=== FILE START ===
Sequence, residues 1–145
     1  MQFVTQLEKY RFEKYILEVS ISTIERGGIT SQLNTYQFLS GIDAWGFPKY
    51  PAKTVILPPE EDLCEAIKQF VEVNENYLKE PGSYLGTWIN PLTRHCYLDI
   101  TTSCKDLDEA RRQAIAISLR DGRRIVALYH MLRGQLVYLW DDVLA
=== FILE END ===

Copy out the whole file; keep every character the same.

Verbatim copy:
Sequence, residues 1–145
     1  MQFVTQLEKY RFEKYILEVS ISTIERGGIT SQLNTYQFLS GIDAWGFPKY
    51  PAKTVILPPE EDLCEAIKQF VEVNENYLKE PGSYLGTWIN PLTRHCYLDI
   101  TTSCKDLDEA RRQAIAISLR DGRRIVALYH MLRGQLVYLW DDVLA